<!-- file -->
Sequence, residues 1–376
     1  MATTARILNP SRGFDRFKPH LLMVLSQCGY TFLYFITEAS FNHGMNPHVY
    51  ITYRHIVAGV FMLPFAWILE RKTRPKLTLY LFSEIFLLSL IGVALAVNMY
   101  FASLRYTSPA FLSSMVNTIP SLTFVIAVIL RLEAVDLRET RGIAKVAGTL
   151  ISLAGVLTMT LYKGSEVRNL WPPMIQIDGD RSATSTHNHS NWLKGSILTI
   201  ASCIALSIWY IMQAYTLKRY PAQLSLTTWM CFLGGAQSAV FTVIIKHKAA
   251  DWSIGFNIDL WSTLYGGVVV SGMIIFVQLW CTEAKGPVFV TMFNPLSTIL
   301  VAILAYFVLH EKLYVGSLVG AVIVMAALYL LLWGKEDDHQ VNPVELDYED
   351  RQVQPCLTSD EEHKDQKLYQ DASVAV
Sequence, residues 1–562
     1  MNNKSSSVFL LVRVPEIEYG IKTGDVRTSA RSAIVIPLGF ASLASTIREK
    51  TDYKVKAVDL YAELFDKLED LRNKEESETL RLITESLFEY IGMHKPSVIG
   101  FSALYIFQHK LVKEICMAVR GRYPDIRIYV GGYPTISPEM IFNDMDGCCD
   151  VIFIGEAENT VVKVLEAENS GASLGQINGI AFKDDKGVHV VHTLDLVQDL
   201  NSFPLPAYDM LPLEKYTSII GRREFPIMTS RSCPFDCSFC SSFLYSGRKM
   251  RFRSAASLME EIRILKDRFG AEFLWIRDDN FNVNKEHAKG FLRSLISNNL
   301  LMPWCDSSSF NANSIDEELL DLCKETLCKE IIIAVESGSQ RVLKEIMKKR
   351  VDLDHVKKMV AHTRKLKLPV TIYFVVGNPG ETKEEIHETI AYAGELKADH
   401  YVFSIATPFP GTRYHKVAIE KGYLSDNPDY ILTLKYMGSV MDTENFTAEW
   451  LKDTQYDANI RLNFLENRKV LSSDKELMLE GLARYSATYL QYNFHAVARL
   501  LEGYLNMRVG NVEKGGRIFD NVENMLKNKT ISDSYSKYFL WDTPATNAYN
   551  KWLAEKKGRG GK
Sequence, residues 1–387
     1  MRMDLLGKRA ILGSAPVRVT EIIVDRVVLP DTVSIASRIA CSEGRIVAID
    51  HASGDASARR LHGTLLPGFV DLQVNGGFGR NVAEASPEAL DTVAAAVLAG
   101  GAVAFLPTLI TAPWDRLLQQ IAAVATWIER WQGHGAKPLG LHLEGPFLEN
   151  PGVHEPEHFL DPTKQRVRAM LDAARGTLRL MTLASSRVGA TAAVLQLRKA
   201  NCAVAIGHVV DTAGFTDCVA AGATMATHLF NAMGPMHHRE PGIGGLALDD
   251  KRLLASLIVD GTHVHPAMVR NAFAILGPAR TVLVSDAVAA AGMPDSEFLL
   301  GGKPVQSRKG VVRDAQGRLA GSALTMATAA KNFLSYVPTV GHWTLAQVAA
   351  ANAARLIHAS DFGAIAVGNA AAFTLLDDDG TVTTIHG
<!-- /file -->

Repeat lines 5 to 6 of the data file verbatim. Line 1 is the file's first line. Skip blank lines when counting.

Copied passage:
   151  ISLAGVLTMT LYKGSEVRNL WPPMIQIDGD RSATSTHNHS NWLKGSILTI
   201  ASCIALSIWY IMQAYTLKRY PAQLSLTTWM CFLGGAQSAV FTVIIKHKAA